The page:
Claim and Reclaim concludes with a selection from Travis Macdonald’s The O Mission Repo
. This text takes as its source material the 9/11 Commission Report and might be more accurately regarded as a kind of sculpture or carving, effacing large sections of text and leaving only certain details legible. In this sort of “constraint” poetry (for lack of a better term), political critique coincides with form: the source text is altered and, in alteration, subverted. However, it would be a mistake to consider this selection merely a political treatise; works like The O Mission Repo
begin with language’s materiality and play with its slipperiness. Listen to the music, repetition and lyricism it has discovered in the daunting and dry pages of a government report. Like any poetic form, its constraints demonstrate that claims don’t exist in the ether of absolute truth; instead, each claim is vulnerable in its materiality to the reclamations of other artifice. And, in this case, we are lucky for what Macdonald has reclaimed.
Macdonald uses two “chisels” in this selection: the first is a tool that makes the surrounding text out of focus; the second renders the surrounding text a light gray. These visual effects create very different reading experiences. The first makes reading the surrounding text very difficult if not impossible and forces a more intensive gaze upon the text for fear of missing a word in-focus. This effect contributes to slowing down the consumption of content. The repetition of “time” also registers this forced slowing and elicits the sense that we are witnessing, historically and poetically, the deliberate construction of a watershed moment.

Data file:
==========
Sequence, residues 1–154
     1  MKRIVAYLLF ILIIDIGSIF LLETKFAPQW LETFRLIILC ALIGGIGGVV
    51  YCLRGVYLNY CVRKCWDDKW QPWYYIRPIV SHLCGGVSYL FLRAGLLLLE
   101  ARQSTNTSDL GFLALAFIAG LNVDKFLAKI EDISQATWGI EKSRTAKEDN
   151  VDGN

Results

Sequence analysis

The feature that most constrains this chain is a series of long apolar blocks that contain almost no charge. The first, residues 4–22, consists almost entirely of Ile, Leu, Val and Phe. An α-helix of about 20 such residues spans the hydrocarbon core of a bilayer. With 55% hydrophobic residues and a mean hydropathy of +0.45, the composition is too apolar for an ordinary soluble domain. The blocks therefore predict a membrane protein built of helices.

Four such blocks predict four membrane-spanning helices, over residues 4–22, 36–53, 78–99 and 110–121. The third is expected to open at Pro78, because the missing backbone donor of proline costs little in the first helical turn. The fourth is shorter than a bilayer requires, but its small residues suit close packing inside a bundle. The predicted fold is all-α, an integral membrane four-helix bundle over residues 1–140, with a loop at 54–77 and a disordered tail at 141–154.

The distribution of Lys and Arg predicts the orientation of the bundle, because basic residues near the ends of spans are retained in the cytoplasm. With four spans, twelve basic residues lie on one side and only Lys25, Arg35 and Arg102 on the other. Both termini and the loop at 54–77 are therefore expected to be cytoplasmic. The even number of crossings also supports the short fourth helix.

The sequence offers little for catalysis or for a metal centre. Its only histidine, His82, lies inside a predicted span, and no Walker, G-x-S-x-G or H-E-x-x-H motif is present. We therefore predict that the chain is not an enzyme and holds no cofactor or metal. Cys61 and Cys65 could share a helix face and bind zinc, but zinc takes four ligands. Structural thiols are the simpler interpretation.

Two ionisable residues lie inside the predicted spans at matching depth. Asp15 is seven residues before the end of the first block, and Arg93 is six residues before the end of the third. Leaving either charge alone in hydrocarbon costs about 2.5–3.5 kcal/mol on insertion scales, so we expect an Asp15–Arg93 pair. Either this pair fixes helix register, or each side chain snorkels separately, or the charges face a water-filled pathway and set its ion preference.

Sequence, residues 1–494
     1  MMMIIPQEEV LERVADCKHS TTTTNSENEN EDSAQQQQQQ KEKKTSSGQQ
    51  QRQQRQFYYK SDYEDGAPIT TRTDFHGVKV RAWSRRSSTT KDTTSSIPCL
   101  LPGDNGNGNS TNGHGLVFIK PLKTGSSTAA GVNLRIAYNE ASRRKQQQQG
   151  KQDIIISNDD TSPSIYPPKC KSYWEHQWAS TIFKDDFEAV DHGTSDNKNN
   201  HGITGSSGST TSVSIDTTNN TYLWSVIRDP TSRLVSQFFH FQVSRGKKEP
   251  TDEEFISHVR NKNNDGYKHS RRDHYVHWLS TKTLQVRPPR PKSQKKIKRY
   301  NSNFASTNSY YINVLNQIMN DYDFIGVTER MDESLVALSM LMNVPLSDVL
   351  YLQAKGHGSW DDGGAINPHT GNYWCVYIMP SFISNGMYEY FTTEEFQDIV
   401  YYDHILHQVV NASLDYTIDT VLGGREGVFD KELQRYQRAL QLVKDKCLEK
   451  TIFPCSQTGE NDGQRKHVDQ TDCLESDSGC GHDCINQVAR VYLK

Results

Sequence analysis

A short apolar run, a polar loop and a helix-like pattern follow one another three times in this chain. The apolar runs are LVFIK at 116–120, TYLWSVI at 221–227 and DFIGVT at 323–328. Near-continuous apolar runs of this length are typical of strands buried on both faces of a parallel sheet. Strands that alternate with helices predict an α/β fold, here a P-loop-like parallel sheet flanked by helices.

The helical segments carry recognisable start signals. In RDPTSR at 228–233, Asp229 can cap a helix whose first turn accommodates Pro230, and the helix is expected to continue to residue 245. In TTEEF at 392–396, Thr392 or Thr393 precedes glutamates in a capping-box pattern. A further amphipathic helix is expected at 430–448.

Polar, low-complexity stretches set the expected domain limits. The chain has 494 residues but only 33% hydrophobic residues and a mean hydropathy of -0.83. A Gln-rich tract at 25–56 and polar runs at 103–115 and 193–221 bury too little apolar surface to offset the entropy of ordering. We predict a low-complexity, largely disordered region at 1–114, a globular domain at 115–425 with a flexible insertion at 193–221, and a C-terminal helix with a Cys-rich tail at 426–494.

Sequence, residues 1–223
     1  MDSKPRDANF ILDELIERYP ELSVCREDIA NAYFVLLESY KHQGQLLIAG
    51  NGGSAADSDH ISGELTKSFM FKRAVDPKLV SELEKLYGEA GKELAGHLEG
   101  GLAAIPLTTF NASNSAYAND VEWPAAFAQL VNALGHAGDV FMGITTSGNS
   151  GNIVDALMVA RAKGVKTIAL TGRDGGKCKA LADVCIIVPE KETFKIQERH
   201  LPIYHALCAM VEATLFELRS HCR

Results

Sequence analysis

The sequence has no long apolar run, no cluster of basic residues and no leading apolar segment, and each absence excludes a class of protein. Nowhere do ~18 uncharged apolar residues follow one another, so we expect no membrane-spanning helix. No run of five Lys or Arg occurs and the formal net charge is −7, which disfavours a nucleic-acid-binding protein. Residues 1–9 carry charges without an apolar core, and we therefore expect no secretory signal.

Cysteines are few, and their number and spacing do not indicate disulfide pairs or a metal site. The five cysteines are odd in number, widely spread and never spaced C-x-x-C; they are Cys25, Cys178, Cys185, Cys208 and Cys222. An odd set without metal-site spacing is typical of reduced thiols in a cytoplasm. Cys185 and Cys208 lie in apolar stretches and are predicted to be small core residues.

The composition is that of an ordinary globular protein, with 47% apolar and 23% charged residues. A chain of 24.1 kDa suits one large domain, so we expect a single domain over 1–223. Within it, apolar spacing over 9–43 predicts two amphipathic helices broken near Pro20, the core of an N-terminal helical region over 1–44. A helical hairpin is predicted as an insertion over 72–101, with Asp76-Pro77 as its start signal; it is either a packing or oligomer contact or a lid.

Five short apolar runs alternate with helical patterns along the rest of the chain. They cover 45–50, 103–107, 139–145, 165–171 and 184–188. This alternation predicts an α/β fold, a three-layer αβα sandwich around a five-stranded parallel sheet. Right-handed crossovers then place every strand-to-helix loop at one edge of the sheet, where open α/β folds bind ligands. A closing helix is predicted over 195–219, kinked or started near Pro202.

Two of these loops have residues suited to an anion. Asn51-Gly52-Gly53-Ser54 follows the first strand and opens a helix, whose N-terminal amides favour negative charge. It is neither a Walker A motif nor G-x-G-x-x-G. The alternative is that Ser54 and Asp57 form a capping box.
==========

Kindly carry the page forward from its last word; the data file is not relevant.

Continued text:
The second chisel allows the more anal-retentive of us to track the source material, to know that a handsome phrase like “limits…revealed…failures in imagination…and man” derives, at least in part, from the sentence: “We believe the 9/11 attacks revealed four kinds of failures in imagination, policy, capabilities, and management”. If the first chisel deliberately smudges the complexities of past and present, the second immerses itself in a hyper-pluralism of information, an identity constructed by virtue of being bolder than its surroundings. The concluding phrase of this selection, “in…reference”, radiates with the double-faced notion that “reference” has an equal power to elucidate and confuse; that it might be a vehicle for authority as much as democracy. Given this split concept in relation to the source material, Macdonald has accomplished one of those rare moments where the pat relationship between content and form has grown complicated. How we read a report that claims to be the definitive source on a perceived intelligence failure will say as much about who we believe as how we believe, and this arbitrary assent is reinforced at every turn by a word in-focus or a few words in bold.